The stakes are raised in Gail Vaz Oxlade’s Money Moron
It’s no secret that I’m a huge fan of Gail Vaz-Oxlade, writer, personal finance evangelist and TV host extraordinaire! I subscribed to the “Cult of Gail” a few years ago with Til Debt Do Us Part, a show that helped couples with their looming financial instability, and also enjoyed her second show Princess, a reality show that humbled some exceptionally spoiled adults.
Now Gail is back, with her newest show on Slice Network, Money Moron. This new show is almost like a shaky marriage of her two previous shows, with a little bit of Til Debt Do Us Part, emphasizing the damage and friction that results when people are clueless about their finances, but it also confronts them in a very Princess-like fashion.
I think the main reason I clicked with Gail initially with Til Debt Do Us Part was that she was teaching lessons that worked for the couple in question specifically, but also revealed tips and information that felt useful to the audience at home. From what I saw, after watching dozens of episodes, her rules paid off and I definitely changed my attitude concerning money. You could say that I wouldn’t be where I am today without her!
Princess, however, was a different matter. I grew to really like that show but I suspect that I enjoyed it because I felt superior to these “Princesses”, and a teensy bit outraged at their entitlement. Princess was the kind of show that was absolutely made to make the audience feel a little bit smug, while ultimately helping their subjects at the same time.
Which leaves us with her new show, Money Moron. In the interest of full disclosure, I received a screener of the first episode of the show to write a preview before it came out. I learned (through other interviews Gail did in the press) that Money Moron would focus on financial responsibility and how it affects people’s relationships, but not necessarily always between couples. It could be parents and children, siblings or possibly even friends, so unlike Princess, the show focuses on the importance of financial honesty and disclosure with your loved ones.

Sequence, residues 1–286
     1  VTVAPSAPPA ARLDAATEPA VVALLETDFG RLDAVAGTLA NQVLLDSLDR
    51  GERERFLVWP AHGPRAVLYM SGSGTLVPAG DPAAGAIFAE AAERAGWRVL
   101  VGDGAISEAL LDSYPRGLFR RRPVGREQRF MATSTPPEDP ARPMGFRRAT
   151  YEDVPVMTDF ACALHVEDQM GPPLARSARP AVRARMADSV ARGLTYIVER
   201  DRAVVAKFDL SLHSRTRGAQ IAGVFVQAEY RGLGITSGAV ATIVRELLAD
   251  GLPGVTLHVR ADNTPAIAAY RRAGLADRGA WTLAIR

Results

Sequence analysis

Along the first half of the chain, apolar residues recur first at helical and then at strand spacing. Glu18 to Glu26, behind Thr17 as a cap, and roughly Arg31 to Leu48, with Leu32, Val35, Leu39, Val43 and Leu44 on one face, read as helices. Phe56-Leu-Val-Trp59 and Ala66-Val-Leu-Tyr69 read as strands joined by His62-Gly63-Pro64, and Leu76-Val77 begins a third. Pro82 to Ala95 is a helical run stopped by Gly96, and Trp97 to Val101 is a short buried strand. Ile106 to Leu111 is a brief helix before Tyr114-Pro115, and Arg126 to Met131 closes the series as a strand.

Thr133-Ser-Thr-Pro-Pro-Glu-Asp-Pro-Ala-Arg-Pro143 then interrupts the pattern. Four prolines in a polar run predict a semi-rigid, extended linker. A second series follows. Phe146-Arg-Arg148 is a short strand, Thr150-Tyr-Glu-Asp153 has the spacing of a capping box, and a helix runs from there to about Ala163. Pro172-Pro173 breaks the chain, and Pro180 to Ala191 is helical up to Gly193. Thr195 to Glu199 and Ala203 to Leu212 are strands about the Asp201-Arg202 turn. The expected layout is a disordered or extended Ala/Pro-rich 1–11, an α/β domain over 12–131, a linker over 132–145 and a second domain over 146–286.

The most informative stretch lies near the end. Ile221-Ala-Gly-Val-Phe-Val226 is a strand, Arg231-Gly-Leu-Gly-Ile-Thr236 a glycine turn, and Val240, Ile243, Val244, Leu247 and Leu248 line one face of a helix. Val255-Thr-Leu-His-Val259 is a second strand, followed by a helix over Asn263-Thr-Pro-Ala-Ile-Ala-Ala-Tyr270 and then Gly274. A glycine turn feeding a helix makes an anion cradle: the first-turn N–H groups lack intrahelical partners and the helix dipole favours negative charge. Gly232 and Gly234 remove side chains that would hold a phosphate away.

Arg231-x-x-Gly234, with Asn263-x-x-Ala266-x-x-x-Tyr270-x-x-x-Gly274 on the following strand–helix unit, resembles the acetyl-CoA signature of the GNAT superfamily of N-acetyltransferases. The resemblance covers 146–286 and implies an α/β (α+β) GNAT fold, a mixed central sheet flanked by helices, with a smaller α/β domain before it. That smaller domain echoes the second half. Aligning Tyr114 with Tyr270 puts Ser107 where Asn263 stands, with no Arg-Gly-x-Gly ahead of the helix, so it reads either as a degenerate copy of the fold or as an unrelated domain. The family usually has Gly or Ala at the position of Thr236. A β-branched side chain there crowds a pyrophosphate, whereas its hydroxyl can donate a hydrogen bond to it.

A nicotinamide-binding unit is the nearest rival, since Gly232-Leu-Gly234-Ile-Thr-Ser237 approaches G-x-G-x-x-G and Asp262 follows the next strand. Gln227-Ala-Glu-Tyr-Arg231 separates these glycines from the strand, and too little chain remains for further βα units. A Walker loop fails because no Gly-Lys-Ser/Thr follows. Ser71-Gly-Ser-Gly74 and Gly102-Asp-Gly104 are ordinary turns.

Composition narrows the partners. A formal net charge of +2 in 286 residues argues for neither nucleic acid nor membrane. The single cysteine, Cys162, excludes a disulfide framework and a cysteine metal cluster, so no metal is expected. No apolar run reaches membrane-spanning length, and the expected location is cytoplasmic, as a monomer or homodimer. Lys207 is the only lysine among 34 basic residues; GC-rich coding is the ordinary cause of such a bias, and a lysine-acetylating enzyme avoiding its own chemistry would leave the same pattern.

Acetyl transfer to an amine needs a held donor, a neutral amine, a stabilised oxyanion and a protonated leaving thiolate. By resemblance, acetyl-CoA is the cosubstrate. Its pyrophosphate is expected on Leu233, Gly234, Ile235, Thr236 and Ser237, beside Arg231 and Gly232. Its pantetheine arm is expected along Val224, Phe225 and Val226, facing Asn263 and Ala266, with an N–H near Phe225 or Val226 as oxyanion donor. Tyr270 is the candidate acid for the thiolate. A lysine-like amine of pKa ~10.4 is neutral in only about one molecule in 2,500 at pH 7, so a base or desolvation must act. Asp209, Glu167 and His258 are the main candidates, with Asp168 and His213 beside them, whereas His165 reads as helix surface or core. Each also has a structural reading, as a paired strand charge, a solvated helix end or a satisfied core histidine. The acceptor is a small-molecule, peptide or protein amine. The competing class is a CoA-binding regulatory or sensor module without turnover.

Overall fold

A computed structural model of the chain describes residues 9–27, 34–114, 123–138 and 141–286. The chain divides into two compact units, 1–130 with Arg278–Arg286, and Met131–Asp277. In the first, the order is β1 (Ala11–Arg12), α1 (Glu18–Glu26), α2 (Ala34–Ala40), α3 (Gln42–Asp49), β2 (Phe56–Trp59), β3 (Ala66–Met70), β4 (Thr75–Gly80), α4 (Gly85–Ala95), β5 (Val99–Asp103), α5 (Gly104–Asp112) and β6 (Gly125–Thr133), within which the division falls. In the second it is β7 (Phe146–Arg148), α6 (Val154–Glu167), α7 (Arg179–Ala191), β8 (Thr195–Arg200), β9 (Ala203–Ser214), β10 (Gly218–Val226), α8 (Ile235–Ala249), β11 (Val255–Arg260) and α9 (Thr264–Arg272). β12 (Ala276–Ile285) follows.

The first episode featured Deanna and James, an engaged couple of aspiring actors who both work part-time (combined, they barely made $2000 a month), and live in Deanna’s parent’s basement. This fun-loving couple was somehow living in la-la land, because they were in cumulative debt to the tune of nearly $100,000! I understand that the first episode of any reality series aims to hammer home the danger of being financially illiterate, but I felt really sorry for this couple. The producers clearly chose the least financially well-off couple in this series to start with and for the first time, I felt like Gail was shooting fish in the barrel. These kids needed help way beyond what a TV show could offer. Overall, I left that episode feeling a little bit squirmy.
THANKFULLY, the second episode aired last night and I am happy to report that the structure is much tighter. The couple, Laura and Sean, were also big “Money Morons”, but the advice and the process that Gail and the team used to improve their finances appeared much more thought out than the previous episode. I felt like the financial reveal was a lot more constructive and that the challenges went a long way to help heal some of the issues brought upon by their financial negligence in their relationship.
After watching just the first episode, I was a bit concerned. But after watching the second, I know I’ll definitely continue to watch this show. Despite the fact that I wasn’t too satisfied with the first episode because it felt more exploitative than I’m used to with Gail’s shows, I’m glad to say that it appears to be the exception, not the rule.
Gail is also an author of several successful personal finance books, you can purchase her most recent book Debt-Free Forever: Take Control of Your Money and Your Life on Amazon for a song and it features some great tips and resources to manage your financial future.
Did you watch Money Moron? What did you think?